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Jan Egeland's Sahel climate change diary - Day 4

A man using a basic, traditional well in the Tahoua region of central Niger. Some 60 percent of Nigeriens do not have regular access to clean, modern water sources.
(Nicholas Reader/IRIN)

The UN Secretary-General's Special Adviser on conflict, Jan Egeland, is travelling in the Sahel this week to draw attention to a region on the edge of the advancing Sahara Desert that the UN says is experiencing the worst effects of climate change in the world. He is sharing his thoughts and experiences every day with IRIN. This fourth instalment is from Niamey, in the far west of Niger.

"Niger, one of the poorest and food-insecure countries on earth, is also facing some of the greatest environmental challenges imaginable. Its water resources are dwindling, population growth is staggering, and pastoralists and agriculturalists are competing for access to scarce fertile lands.

"Today was another very long, hot and interesting day. It was 32 degrees [Celsius] when we left Bamako [in southern Mali] at 6.30 a.m. from the hotel, and when we arrived at Niamey at around noon it was already 42 degrees.

"We went straight to a long meeting with the President, Mamadou Tandja, where we discussed the very severe challenges Niger faces.

"I insisted on the importance of focusing on dialogue with vulnerable pastoralists like the Touaregs, and emphasised that the UN is always ready to help Niger and its people, including trying to meet the challenges of environmental degradation, climate change and conflict prevention and resolution.

"The President stressed the very severe security challenges caused by drugs and arms trafficking, which he said were getting more entrenched, and he felt that there was too much talk and too little action about development and environmental change from the international community.

"After meeting with the President, we went straight to a meeting with the UN country team, where we heard about the extreme food insecurity of Niger from the Food and Agriculture Organization [FAO] and the World Food Programme [WFP]. Tens of thousands of people are yet again in a critical nutritional situation this year, and millions are food insecure.

"A new film made by the UN in Niger showed the desperate situation of some of the pastoralists here. In it herders described themselves as 'living in a cage' because they have less and less access to grazing land, as land is taken for agriculture and the desertification of what is left is relentless.

"Finally, we went together with the environment minister to visit some projects near Niamey, where the government has redistributed some of the money it was earlier spending on debt payment to environmental projects.

"Being under the baking 44 degree sun like that was quite something for a Norwegian, but we could graphically see how the Niger River, which brings life to a great deal of this country and indeed the region, is disappearing.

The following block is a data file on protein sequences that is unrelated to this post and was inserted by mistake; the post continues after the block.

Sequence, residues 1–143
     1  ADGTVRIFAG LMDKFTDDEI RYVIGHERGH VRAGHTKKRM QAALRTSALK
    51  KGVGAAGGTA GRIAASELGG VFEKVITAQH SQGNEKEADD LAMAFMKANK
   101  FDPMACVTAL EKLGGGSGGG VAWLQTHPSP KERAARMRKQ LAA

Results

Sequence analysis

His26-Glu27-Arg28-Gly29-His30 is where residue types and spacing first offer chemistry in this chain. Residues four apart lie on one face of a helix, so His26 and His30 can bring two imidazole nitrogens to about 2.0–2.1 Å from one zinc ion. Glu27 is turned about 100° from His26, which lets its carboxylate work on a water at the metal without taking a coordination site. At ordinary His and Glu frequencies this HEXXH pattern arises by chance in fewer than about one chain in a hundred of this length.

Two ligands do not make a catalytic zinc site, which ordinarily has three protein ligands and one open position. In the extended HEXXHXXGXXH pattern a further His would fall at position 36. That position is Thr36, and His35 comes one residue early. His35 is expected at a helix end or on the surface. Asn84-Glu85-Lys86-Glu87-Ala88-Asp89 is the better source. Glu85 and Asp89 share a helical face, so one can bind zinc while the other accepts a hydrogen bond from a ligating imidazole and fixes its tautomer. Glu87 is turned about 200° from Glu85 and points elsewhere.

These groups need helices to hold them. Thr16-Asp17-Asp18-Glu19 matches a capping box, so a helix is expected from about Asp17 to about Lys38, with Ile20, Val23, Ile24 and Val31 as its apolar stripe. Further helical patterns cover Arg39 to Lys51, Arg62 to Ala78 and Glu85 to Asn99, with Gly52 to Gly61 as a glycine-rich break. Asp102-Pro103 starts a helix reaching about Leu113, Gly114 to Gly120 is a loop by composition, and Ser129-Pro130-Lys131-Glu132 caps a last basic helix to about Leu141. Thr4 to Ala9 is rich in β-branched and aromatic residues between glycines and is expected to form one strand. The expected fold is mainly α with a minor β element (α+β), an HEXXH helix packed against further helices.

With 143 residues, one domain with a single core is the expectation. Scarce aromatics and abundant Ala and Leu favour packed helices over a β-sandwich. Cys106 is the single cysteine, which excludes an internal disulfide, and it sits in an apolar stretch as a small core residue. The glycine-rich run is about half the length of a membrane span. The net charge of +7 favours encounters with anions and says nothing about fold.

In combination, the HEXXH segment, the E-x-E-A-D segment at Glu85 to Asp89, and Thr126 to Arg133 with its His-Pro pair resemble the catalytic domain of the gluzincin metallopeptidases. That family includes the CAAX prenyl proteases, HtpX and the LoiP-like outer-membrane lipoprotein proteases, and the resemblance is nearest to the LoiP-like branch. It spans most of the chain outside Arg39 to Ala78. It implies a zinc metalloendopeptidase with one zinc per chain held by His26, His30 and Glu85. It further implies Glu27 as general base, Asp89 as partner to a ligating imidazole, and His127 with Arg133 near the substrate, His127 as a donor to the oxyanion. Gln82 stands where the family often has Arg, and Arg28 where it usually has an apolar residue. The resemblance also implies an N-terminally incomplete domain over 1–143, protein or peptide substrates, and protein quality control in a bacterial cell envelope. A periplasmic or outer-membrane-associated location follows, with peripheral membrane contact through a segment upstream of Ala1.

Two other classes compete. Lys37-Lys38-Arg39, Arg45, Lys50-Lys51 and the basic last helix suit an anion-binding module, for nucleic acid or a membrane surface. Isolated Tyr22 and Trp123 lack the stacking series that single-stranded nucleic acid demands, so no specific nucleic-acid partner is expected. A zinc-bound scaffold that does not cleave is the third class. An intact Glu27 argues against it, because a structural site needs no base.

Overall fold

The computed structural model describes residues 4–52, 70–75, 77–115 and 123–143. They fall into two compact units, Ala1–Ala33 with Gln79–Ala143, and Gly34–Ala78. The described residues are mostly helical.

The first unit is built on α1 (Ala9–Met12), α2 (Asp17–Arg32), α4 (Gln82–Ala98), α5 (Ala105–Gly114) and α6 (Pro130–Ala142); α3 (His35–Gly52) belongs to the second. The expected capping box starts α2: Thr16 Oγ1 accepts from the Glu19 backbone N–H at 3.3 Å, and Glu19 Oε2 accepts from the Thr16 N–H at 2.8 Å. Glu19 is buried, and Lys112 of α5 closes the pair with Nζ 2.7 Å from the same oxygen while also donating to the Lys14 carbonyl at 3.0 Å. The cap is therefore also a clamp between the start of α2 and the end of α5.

"Vast areas that were once permanently underwater are now totally dry, even where communities living along the river are working to save it.

"They have dug trenches in barren land that has been totally degraded because of flash floods and severe droughts. When the rainy season comes, these trenches will hold water for a longer period to give vegetation a chance to grow, while also preventing the floods from bringing yet more sand to the river.

"The river has three problems: diminished rainfalls due to climate change mean less water entering the system in the first place; exploding population growth means more water is being used for irrigation and human consumption; and desertification and environmental degradation mean the water channels are silting up.

"All in all, another stark reminder of how environmental degradation and climate change is killing life here; how humanity is struggling under climate change.

"The day ended in an open-air film theatre, where we saw the two winners of the Niamey environmental film festival. Again, we saw images of how the women of the dry villages of Sahel have to walk longer and longer to fetch water of poorer and poorer quality. We then collapsed at 11 p.m.

"Tomorrow means yet another very early start at 5 a.m., as we will fly more than 1,000km east - almost to the border with Chad - to see Lake Chad, a vast lake which went deep into Niger for hundreds of years but has now totally disappeared."


This article was produced by IRIN News while it was part of the United Nations Office for the Coordination of Humanitarian Affairs. Please send queries on copyright or liability to the UN. For more information: https://shop.un.org/rights-permissions

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